What's Behind The Boom In Annuity Sales?

October 1, 2021

In the second quarter of 2021, annuity sales were off the charts.

“Our preliminary second quarter numbers are the highest we have seen since the fourth quarter of 2008, and the third-highest quarter on record,” says Todd Giesing, assistant vice president and head of annuity research at Windsor, Conn.-based Secure Retirement Institute (SRI).

Every quarter, SRI releases annuity sales data. But this release was particularly surprising to some, given the backdrop of the pandemic. Total annuity sales for the quarter jumped 39% from the corresponding period a year earlier, led by variable annuities, which surged 55%; fixed annuity sales rose 27%.

“As business continued to open up, Americans likely started to get back to a more normal mindset, bringing factors such as retirement and income planning discussions back to the table,” says Giesing.

Coming Off A Terrible Year

While that’s no doubt true, it’s also worth noting that the previous year’s figures were particularly bad. In 2020, second quarter sales dropped 24% year over year, with variable annuity sales down 20% and fixed annuities off by 26%. That, of course, was at the height of pandemic panic, a time when equity markets plummeted some 30% amid a near-total economic shutdown. From there, annuities sales practically had nowhere to go but up. They were bound to rebound.

Still, some advisors insist that last year’s drastic drop-off doesn’t completely explain this year’s quarterly uptick. “While the pandemic may have suppressed some 2020 sales, financial professionals continued to serve their clients remotely,” says Paula Nelson, co-head of individual markets at Global Atlantic.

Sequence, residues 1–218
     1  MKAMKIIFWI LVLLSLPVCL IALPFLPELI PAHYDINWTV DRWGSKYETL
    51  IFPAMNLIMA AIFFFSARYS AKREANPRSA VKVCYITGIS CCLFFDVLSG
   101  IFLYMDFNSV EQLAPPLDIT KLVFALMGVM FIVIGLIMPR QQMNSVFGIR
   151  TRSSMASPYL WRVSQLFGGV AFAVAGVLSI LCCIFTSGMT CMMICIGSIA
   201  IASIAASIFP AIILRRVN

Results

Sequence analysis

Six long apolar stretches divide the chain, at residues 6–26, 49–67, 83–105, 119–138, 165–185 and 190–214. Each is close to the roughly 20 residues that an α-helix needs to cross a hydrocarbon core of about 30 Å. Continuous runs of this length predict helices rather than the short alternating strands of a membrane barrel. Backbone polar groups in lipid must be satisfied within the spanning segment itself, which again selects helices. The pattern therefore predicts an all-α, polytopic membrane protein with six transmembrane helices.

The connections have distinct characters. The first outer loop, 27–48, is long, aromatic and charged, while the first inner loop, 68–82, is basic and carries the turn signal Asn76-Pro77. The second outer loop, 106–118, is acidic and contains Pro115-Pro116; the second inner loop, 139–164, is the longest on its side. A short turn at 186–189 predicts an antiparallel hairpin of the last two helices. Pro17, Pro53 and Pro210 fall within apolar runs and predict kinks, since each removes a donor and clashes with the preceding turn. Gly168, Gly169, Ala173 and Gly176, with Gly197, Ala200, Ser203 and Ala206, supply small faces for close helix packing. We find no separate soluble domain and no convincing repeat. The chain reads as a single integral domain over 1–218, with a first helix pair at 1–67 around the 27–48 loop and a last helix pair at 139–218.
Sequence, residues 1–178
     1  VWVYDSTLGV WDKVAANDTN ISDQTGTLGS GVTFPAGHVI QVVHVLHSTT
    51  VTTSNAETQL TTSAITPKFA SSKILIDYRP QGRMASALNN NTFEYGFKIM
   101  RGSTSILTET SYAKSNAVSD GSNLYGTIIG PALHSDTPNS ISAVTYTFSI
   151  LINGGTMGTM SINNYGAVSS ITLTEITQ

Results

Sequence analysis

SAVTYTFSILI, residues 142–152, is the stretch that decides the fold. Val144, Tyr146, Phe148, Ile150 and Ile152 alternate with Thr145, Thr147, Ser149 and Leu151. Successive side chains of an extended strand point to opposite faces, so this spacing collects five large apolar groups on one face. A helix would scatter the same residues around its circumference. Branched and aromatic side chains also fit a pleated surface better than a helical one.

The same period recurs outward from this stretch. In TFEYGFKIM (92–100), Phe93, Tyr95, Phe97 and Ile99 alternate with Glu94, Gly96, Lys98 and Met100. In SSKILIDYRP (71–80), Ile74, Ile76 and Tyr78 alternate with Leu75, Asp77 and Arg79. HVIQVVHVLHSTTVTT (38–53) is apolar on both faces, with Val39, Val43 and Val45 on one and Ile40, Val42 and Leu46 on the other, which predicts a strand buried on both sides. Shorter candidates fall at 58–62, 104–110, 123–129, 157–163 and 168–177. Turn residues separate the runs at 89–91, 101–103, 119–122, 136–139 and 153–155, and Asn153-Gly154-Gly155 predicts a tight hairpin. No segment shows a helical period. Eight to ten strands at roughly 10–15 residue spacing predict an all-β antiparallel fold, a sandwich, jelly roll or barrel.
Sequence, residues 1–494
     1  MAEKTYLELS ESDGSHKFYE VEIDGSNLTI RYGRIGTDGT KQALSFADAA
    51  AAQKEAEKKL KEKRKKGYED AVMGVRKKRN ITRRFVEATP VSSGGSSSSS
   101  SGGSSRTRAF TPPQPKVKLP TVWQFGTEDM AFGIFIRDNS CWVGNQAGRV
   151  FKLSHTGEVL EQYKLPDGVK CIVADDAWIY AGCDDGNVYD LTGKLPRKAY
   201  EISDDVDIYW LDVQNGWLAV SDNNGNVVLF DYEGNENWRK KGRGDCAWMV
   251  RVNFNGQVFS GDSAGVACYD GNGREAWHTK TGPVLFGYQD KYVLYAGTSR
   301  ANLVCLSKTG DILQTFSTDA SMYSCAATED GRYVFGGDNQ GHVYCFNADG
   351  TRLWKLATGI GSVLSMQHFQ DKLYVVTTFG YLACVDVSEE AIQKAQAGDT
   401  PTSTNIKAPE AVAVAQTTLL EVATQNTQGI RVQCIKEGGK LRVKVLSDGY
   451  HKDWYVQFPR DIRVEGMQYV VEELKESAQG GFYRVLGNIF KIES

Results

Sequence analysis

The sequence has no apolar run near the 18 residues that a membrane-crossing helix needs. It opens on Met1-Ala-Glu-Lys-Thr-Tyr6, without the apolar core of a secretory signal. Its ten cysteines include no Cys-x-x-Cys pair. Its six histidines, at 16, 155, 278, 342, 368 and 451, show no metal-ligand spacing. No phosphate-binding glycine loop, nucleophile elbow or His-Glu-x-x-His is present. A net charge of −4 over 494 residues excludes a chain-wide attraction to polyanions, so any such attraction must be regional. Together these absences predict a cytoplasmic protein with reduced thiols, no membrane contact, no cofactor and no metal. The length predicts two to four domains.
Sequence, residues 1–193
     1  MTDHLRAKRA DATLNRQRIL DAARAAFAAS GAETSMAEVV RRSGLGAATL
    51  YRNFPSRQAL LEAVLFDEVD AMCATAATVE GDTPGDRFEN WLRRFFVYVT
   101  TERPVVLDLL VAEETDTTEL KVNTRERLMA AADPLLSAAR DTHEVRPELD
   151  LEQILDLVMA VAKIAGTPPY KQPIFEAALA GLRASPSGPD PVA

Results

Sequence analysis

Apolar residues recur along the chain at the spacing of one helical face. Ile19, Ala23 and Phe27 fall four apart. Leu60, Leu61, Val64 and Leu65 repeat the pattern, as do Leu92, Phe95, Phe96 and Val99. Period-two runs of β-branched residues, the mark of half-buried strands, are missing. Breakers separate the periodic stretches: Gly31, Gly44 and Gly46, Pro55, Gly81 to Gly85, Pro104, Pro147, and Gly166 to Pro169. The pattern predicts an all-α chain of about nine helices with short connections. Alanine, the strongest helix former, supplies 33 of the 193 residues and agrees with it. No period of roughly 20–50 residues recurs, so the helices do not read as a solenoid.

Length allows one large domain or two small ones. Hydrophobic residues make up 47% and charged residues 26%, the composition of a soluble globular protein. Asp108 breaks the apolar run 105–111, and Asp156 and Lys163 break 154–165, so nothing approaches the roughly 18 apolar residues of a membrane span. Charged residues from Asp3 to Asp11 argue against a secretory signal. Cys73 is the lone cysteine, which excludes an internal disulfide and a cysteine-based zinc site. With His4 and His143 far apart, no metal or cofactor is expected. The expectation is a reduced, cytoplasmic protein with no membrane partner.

Nelson argues that the sales increase reflects a growing appetite for what annuities offer—particularly, their advantages over fixed-income securities. “The sustained, long-term duration of the low-rate environment is reaching a critical point for people saving for retirement, and they are looking to annuities as a meaningful alternative, offering growth potential and tax deferral,” she says.

A Groundswell Of Demand

Frank O’Connor, vice president of research and outreach at the Insured Retirement Institute in Washington, D.C., says, “More Americans are reaching retirement age every day, so there is a groundswell of demand for guaranteed income and principal safety,” he says. At the same time, he adds, it’s “very difficult to find yield anywhere in fixed-income [markets] without going to riskier investments such as junk bonds.”

Low interest rates also help explain why variable annuity sales outstripped those of fixed annuities by 28% in the quarter. Fixed annuities have a fixed rate of return that’s essentially linked to interest rates. Variable annuities, on the other hand, invest in mutual-fund-like subaccounts whose value rises and falls with the equity markets. The long-running bull market has helped variable outsell fixed for several years.

“Many advisors who have slowed or stopped VA usage in the recent past are again reviewing [these annuities],” says Nicholas Ross, chief distribution officer at Financial Independence Group in Charlotte, N.C.

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